Teaching little girl to walk on wire

Photos by Elsie Smith unless otherwise noted

Photo of circus students by Sophia Martel

An image by Sophia Martel

Photo of handstand

Circus Photography Exhibit in Latchis Main Theatre

Photo of woman on trapeze

If you happen to be traveling around Europe and stop in at a small circus studio (in Berlin perhaps?) or a tented show (somewhere outside Barcelona?) and you tell them you are from Brattleboro, chances are they'll say, "Do you mean Brattleboro, the home of NECCA?" This happens more often than you might think, unless you are in the know about the amazing reputation that NECCA (New England Center for Circus Arts) has as a circus arts teaching institution.

In less than 8 years, NECCA has made Brattleboro a destination for those seeking the highest level of circus arts instruction. And in that time, Elsie Smith, co-founder and Artistic Director, has had her camera at her side during classes, rehearsals and performances. She started photographing circus artists at work when she was performing with Cirque du Soleil as a duo trapezist with her twin sister, Serenity Forchion. Now, with over 5,000 students per year crossing their threshold, she has plenty of opportunities to catch the circus arts on camera.

"Through Our Eyes: A Photographic Exploration of the Circus Arts," showing at the Latchis Main Theatre in February and March, is the result of years of watching NECCA students discover and excel at their art form. "It's the combination of exotic and real, and art made physical, that draws me," says the photographer. Some of the images are of the youngest students making their first attempts at unusual skills like balancing on a wire or trying their first trapeze trick. Many of the photographs show the care and attention that their teachers give them as they make these first steps toward achieving an "impossible" activity. "I've always been drawn to the intimacy of these moments, the quality of an instructor creating a safe place for magic to happen."

Photo of two clowns

NECCA loves collaborations, and one part of the exhibit resulted from a connection with the In-Sight Photography Project. Sophia Martel, a student at both In-Sight and the circus school, photographed NECCA classes for her In-Sight project, and was herself pictured as a budding aerialist, trying a difficult trick on the trapeze with hands-on guidance from her NECCA coach.

Other photographs in the exhibit show the result of years of training, when the physical "tricks" become full-length acts filled with artistic expressions. As a performance art, Elsie believes that "the circus acts are easy to transform into exciting photographs because the viewer has already been invited to participate." Because NECCA has been so successful in training its students, the images include award-winning acrobats whose careers started right here in Brattleboro.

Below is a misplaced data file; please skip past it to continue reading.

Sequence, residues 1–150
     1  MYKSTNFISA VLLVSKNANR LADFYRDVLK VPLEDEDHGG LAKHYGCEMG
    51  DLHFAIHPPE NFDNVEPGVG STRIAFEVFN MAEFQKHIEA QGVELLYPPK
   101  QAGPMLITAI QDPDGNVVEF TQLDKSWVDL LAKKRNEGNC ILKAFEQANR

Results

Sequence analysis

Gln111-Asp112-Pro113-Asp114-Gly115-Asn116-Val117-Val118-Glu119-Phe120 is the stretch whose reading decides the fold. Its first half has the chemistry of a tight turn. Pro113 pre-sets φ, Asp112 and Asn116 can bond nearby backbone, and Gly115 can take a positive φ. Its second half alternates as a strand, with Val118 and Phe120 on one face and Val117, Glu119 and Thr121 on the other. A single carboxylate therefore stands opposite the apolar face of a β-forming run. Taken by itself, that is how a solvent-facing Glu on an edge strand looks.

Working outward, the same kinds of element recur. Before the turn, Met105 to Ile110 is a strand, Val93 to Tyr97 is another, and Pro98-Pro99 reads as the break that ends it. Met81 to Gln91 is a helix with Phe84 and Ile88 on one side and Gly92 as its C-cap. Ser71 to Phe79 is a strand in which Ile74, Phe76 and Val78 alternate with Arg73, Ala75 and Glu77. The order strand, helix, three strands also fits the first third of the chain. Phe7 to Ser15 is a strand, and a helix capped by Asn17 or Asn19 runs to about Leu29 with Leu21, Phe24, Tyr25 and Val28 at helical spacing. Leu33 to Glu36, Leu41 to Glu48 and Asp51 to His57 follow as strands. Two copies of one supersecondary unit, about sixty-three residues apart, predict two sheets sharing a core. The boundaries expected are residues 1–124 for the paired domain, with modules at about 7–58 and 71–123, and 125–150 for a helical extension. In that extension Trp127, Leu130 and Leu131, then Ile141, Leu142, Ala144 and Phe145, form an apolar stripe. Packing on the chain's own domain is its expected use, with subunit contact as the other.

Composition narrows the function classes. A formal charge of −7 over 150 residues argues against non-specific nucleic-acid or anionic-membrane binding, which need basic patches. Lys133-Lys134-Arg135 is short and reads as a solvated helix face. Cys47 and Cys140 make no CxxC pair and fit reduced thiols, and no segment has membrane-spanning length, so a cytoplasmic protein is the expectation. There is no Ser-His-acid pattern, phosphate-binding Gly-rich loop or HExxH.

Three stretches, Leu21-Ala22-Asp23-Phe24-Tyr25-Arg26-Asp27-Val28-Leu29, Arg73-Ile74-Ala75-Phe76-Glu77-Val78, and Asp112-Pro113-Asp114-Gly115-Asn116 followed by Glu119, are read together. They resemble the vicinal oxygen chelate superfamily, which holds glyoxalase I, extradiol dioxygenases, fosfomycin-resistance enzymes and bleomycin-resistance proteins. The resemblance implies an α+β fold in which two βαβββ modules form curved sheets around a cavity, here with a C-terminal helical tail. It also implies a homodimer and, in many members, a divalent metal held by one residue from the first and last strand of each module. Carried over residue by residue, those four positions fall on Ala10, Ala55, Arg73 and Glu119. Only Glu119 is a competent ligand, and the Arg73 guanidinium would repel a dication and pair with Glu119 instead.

The exhibit is part of an annual Circus Spectacular fundraising event, this year on March 5 & 6. Guest artists from circuses around the world star in this performance, and NECCA's most successful graduates come home to their roots. This is a unique opportunity to see some of today's most renowned high flying aerialists, acrobats, and jugglers on the Latchis Theatre stage.

Photo of pair balancing

For the first time in Vermont, the star of Cirque du Soleil's Corteo, Jeff Raz, will emcee this year's cabaret of performers. Also bringing an international flair to the show are award-winning Chinese-pole artists American Sam Payne and Swiss Sandra Feusi. Payne and Feusi toured for 6 years with Cirque du Soleil's Saltimbanco before starring in circuses in Europe and the United States. In addition to emceeing the event, Raz will be teaching workshops on Monday, March 7, that are open to the public.

All proceeds from this annual event support circus outreach programming. NECCA offers free and discounted programs with many collaborators for at-risk youth including Brattleboro housing developments, The Boys & Girls Club, the Brattleboro Retreat and Kurn Hattin Homes. Other outreach programs include working with children on the Autism spectrum, adults with physical disabilities, and a special program for cancer survivors. Approximately 1 in every 6 NECCA students receives some form of tuition assistance for the school's many programs, ranging from physical literacy for youth to professional training for adults.

For tickets and more information about the school, please visit www.necenterforcircusarts.org or call (802) 254-9780.

Copyright 2016, Gallery Walk, Brattleboro, Vermont

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